“At that time, my father had also quit alcohol and opened an atta chakki (where wheat is ground into flour) shop. But to pay my MBA fees, which were around 50,000 rupees, we had to sell what little gold we had at home,” Raman explains.

Raman’s first job was with GlaxoSmithKline, a pharmaceutical company, in Mumbai in 1998 as a medical representative. His salary was 20,000 rupees and he was able to save money after spending on rent, food and travel.

In 1999 he was transferred to Udaipur and two years later he was transferred to Jalandhar. At that time, many people from Punjab were leaving for Canada, and people would ask him, “Did you apply for Canada?”

“A friend actually dragged me to WWICS Immigration Consultancy to help me with the immigration process. But since the fees were too high, I applied on my own and cleared the process,” explains Raman.

“My father became emotional and was happy to know that I was going abroad. He had become my inspiration after quitting alcohol. I felt like I could also do whatever I wanted.

Before leaving for Canada, he asked his friends what he could possibly bring from India to sell in Canada and they suggested leather jackets. He packed his suitcase with leather jackets he bought at Ludhiana and landed in Brampton-Mississauga in September 2003.

He had a return ticket to India with him and was ready to leave the country if things did not work out for him.

“I didn’t have a job, so I printed business cards as a leather goods dealer and sold the jackets. I sold the jackets I bought for $50 to $200 which was a good profit.

Raman Dua with his wife Nidhi

“I was asking friends from India to get leather jackets. I worked at the gas station on weekends. I also sold jackets and belts at flea markets and worked as a security guard at Group 4.”

Later, he took a job at the local office of WWICS Immigration Consultancy, where he handled the documentation processes. He started with a salary of CAD 30,000, but earned a higher commission than his salary.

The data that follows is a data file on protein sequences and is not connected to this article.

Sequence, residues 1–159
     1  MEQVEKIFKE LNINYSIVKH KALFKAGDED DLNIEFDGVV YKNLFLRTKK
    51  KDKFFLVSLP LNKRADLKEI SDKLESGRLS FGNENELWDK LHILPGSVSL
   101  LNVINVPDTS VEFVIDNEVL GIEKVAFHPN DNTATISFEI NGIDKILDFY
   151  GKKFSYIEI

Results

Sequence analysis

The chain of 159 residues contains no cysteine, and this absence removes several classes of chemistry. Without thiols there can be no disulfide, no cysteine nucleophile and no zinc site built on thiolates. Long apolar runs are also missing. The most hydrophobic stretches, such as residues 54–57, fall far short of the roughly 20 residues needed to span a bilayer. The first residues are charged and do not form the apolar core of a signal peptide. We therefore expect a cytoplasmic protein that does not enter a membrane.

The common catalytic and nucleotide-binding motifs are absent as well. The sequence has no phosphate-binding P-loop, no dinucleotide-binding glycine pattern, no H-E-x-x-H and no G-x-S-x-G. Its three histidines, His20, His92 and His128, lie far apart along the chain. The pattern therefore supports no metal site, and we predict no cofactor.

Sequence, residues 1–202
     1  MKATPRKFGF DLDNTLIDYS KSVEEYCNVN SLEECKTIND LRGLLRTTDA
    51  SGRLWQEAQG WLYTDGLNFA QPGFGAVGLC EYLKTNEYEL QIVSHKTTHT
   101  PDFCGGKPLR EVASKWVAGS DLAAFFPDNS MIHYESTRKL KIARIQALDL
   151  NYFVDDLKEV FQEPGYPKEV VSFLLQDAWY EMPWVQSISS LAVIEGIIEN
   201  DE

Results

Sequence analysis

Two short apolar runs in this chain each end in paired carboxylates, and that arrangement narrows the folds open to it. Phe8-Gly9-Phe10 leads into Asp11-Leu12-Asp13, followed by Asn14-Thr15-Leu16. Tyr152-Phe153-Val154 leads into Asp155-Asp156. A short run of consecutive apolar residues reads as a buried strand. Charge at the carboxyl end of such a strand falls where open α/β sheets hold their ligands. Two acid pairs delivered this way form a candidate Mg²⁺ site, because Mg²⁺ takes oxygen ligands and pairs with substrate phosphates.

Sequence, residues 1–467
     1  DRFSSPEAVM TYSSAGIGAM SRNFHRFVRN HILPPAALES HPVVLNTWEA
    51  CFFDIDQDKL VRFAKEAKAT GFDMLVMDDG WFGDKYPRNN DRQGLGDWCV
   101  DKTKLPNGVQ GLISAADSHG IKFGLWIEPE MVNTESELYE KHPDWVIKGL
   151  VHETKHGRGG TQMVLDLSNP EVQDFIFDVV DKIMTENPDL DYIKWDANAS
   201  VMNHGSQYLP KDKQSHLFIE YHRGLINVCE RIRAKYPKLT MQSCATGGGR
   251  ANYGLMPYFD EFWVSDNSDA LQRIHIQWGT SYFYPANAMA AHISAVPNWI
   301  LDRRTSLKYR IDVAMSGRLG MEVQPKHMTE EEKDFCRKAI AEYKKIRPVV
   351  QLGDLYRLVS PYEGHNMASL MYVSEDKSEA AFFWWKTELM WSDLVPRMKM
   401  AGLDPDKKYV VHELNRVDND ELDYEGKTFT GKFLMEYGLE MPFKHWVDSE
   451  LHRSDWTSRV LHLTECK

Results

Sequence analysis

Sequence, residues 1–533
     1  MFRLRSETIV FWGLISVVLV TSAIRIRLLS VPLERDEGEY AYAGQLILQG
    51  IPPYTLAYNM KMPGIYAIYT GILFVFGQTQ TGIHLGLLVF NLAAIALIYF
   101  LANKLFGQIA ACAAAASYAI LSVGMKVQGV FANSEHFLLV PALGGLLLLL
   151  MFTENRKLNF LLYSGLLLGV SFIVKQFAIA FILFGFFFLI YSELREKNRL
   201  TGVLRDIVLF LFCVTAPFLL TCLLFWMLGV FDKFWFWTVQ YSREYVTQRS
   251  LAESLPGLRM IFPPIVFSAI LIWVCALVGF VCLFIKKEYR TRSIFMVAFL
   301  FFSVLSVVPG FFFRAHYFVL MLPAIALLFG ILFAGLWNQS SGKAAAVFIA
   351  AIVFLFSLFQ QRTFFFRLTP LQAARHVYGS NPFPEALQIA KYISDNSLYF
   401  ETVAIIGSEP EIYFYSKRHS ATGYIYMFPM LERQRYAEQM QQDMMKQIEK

In November 2004, Raman came to India to marry Nidhi, a girl from Chandigarh who had done her master’s degree in education and was teaching computer science at her brother’s computer training institute.

Nidhi joined Raman in Canada in May 2005. The couple started life in Canada in a basement house, but Raman promised his wife that he would buy a house within 90 days and kept his word.

He was earning well in consulting. In 2007, he sold his house and earned $40,000 from the transaction. The deal was an eye opener for him and he got into the real estate business, realizing its potential.

Nidhi also joined him in the business. They started Save Max Real Estate Inc. from the basement of their home in 2010. Two years later they moved into a 1500 square foot office and there has been no looking back since. .

They continued to grow year after year. In 2018, the company achieved a turnover of 2 billion USD and in 2020-21 it touched 3 billion USD.

Raman Dua with his wife and three children

Recently they started their Indian operations from Gurugram. Raman Dua plans to visit 11 countries around the world, starting with the United States, Australia and Pakistan.

He loves to read, play tennis and started going to the gym recently. He says he lost 40 pounds in just 70 days through “mindful eating, lifestyle changes and exercise.” He is an early riser – gets up at 3:30 a.m. – and goes to bed at 9:30 p.m.

Raman Dua has three children – Shreya, 15, Krish, 8, and Aria, 8 months.